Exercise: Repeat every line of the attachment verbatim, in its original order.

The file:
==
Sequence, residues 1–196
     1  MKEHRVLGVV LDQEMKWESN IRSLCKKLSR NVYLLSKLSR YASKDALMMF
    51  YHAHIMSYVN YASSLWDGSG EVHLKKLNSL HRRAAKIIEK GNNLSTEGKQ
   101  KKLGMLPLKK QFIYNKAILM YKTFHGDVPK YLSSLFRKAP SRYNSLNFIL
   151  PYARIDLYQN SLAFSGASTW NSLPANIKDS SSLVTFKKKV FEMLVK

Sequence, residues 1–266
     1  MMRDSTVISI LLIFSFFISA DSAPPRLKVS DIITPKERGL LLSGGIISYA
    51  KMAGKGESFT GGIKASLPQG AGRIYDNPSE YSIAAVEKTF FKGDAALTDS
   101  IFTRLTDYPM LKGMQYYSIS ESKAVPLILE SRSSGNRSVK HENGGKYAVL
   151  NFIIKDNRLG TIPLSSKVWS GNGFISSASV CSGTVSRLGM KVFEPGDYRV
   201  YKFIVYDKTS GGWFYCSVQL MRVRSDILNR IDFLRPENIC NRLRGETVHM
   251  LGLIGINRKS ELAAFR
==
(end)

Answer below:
Sequence, residues 1–196
     1  MKEHRVLGVV LDQEMKWESN IRSLCKKLSR NVYLLSKLSR YASKDALMMF
    51  YHAHIMSYVN YASSLWDGSG EVHLKKLNSL HRRAAKIIEK GNNLSTEGKQ
   101  KKLGMLPLKK QFIYNKAILM YKTFHGDVPK YLSSLFRKAP SRYNSLNFIL
   151  PYARIDLYQN SLAFSGASTW NSLPANIKDS SSLVTFKKKV FEMLVK

Sequence, residues 1–266
     1  MMRDSTVISI LLIFSFFISA DSAPPRLKVS DIITPKERGL LLSGGIISYA
    51  KMAGKGESFT GGIKASLPQG AGRIYDNPSE YSIAAVEKTF FKGDAALTDS
   101  IFTRLTDYPM LKGMQYYSIS ESKAVPLILE SRSSGNRSVK HENGGKYAVL
   151  NFIIKDNRLG TIPLSSKVWS GNGFISSASV CSGTVSRLGM KVFEPGDYRV
   201  YKFIVYDKTS GGWFYCSVQL MRVRSDILNR IDFLRPENIC NRLRGETVHM
   251  LGLIGINRKS ELAAFR